Global Sources
EE Times-Asia
Stay in touch with EE Times Asia
?
EE Times-Asia > Manufacturing/Packaging
?
?
Manufacturing/Packaging??

SEC sues Integrated Silicon for stock option backdating

Posted: 07 Aug 2007 ?? ?Print Version ?Bookmark and Share

Keywords:stock option? Integrated Silicon Solution? federal law?

The U.S. Securities and Exchange Commission (SEC) has filed charges against Integrated Silicon Solution Inc. (ISSI) and its former chief financial officer, Gary L. Fischer, for allegedly engaging in a long-running fraudulent scheme to backdate stock option grants.

The SEC claims that ISSI and Fischer concealed millions of dollars of stock option compensation expenses by providing executives and employees with potentially lucrative in-the-money options while backdating the grants to avoid reporting the expenses to investors. Both Fischer and ISSI, settled the matter without admitting or denying the commission's charges.

Linda Chatman Thomsen, the SEC's director of enforcement, stated, "This case further highlights the ways in which certain companies have abused option grants. Among other things, ISSI used in-the-money grants to make up for salary cuts, while avoiding the need to report the expenses by improperly backdating the options."

Marc J. Fagel, associate regional director of the SEC's San Francisco Regional Office, added, "As the company's chief financial officer, Fischer was a gatekeeper who had an obligation to accurately account for and disclose the company's stock option expenses. Instead, he caused ISSI to make over 60 backdated grants covering almost 14 million stock options over an eight year period."

The SEC's complaint against ISSI and Fischer, filed in the Northern District of California, alleges that Fischer routinely used hindsight to select option grant dates when ISSI's stock traded at or near monthly or quarterly lows, and at prices below the closing price on the date when Fischer actually selected the grant date. According to the complaint, the dates Fischer selected were then incorporated into Stock Option Committee resolutions and Compensation Committee minutes, even though the committees rarely, if ever, met on the date listed on the minutes and resolutions.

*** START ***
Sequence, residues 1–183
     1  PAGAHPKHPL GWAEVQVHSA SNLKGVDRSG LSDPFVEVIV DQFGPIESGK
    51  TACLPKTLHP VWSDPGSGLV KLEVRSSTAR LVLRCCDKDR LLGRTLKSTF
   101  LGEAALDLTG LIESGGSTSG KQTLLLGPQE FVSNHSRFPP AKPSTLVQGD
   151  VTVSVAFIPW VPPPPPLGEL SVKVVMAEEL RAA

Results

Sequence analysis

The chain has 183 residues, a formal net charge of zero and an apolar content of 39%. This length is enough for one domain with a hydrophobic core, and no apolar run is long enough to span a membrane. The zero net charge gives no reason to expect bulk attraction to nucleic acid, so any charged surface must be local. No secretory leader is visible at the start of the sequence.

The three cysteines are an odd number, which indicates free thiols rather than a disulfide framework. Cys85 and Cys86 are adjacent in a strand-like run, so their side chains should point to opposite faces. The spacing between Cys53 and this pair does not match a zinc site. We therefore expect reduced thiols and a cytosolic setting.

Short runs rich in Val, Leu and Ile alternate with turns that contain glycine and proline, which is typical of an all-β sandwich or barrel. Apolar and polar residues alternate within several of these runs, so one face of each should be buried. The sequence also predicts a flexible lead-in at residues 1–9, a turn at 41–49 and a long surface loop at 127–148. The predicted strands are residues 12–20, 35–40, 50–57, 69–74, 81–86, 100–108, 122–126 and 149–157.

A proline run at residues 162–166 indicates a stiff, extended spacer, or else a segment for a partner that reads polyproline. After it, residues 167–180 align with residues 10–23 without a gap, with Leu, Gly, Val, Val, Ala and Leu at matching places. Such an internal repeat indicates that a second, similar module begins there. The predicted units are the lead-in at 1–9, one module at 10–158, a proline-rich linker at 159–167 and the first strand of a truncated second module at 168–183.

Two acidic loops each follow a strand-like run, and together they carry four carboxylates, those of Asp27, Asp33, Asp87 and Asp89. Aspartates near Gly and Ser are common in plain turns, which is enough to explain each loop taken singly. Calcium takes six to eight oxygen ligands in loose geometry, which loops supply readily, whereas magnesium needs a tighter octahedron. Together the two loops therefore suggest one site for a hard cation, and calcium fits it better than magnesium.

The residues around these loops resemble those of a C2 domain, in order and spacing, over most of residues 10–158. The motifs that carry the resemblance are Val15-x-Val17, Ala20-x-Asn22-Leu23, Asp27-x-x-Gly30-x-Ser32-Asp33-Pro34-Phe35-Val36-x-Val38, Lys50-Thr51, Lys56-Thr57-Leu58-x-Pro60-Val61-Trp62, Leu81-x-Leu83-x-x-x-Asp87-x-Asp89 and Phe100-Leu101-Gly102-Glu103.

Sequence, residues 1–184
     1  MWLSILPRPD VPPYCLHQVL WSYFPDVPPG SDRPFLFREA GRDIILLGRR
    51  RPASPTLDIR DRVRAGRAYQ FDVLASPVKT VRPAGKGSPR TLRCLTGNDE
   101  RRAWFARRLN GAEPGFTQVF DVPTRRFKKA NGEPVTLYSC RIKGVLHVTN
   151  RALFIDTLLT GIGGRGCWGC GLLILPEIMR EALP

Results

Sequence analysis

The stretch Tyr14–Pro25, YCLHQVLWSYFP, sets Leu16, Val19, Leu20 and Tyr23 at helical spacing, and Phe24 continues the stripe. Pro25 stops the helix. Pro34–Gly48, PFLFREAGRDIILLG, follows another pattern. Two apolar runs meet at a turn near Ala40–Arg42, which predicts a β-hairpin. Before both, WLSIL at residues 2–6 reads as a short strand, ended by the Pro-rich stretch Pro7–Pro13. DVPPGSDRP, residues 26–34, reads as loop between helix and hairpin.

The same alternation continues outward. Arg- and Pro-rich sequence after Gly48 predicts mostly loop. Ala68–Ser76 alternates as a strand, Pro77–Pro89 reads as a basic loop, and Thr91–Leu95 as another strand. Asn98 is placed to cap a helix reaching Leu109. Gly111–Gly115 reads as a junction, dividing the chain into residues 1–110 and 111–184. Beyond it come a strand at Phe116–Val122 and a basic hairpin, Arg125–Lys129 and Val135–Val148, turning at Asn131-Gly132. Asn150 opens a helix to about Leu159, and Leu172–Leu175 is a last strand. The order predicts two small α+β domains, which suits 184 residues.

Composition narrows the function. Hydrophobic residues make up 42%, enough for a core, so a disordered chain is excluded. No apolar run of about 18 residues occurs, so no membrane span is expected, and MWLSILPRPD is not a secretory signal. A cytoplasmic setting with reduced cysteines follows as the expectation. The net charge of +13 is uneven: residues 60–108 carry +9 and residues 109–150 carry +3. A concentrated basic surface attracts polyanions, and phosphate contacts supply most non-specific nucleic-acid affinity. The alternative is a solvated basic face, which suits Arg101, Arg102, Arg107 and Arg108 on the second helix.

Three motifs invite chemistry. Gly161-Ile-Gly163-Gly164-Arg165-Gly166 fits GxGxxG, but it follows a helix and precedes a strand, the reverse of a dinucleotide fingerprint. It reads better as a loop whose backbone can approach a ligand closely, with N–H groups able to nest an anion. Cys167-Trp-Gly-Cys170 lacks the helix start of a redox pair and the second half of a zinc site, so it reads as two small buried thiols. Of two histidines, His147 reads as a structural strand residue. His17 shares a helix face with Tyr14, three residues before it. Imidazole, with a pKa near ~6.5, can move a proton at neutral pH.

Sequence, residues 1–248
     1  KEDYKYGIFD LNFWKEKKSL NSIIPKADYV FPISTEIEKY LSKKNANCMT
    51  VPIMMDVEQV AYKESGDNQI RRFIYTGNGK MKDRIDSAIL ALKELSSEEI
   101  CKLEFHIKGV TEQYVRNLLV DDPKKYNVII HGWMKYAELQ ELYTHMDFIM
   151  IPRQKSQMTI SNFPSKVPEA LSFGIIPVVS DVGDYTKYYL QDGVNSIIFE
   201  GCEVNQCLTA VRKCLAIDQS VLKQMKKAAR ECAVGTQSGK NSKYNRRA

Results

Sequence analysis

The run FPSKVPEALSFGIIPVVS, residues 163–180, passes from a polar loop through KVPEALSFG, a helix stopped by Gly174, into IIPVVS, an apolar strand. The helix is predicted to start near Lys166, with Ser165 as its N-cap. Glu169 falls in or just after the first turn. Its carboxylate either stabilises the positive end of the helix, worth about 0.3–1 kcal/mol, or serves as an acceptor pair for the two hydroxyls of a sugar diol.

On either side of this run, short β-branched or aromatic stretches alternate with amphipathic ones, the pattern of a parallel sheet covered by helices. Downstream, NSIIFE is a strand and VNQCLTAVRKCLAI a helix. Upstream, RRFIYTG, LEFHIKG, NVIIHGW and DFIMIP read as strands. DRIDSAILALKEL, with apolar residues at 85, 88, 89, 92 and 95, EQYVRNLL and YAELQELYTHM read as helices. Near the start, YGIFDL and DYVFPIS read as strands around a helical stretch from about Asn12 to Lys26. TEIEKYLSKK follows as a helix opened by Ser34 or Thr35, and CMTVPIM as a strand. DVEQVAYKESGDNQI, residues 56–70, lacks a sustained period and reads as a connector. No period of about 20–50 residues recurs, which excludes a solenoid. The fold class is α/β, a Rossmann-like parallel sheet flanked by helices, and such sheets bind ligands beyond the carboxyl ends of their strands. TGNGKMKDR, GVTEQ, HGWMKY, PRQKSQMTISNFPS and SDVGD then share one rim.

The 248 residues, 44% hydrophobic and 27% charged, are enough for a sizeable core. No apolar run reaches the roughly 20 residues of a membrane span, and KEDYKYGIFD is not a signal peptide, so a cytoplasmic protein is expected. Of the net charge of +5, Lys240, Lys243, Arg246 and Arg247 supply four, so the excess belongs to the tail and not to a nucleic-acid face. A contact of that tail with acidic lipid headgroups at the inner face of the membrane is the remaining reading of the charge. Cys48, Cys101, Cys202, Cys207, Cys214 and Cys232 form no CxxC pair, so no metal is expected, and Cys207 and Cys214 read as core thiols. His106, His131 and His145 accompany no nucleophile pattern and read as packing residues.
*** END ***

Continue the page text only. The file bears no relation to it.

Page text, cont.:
The commission further alleges that Fischer personally benefited from the backdating scheme. Fischer received backdated options which he later exercised to reap undisclosed profits.

Fischer agreed to settle the matter by consenting to a permanent injunction against violations of the antifraud, books and records and other provisions of the federal securities laws; paying $414,830 in disgorgement and interest, and a $125,000 civil penalty; and consenting to an order barring him for five years from acting as an officer or director of a public company.

Meanwhile, ISSI agreed to settle the matter by consenting to a permanent injunction against violations of the antifraud, reporting, internal controls, and books and records provisions of the federal securities laws. In determining to accept ISSI's settlement offer, the SEC considered the cooperation that the semiconductor company provided the commission staff during its investigation.




Article Comments - SEC sues Integrated Silicon for stoc...
Comments:??
*? You can enter [0] more charecters.
*Verify code:
?
?
Webinars

Seminars

Visit Asia Webinars to learn about the latest in technology and get practical design tips.

?
?
Back to Top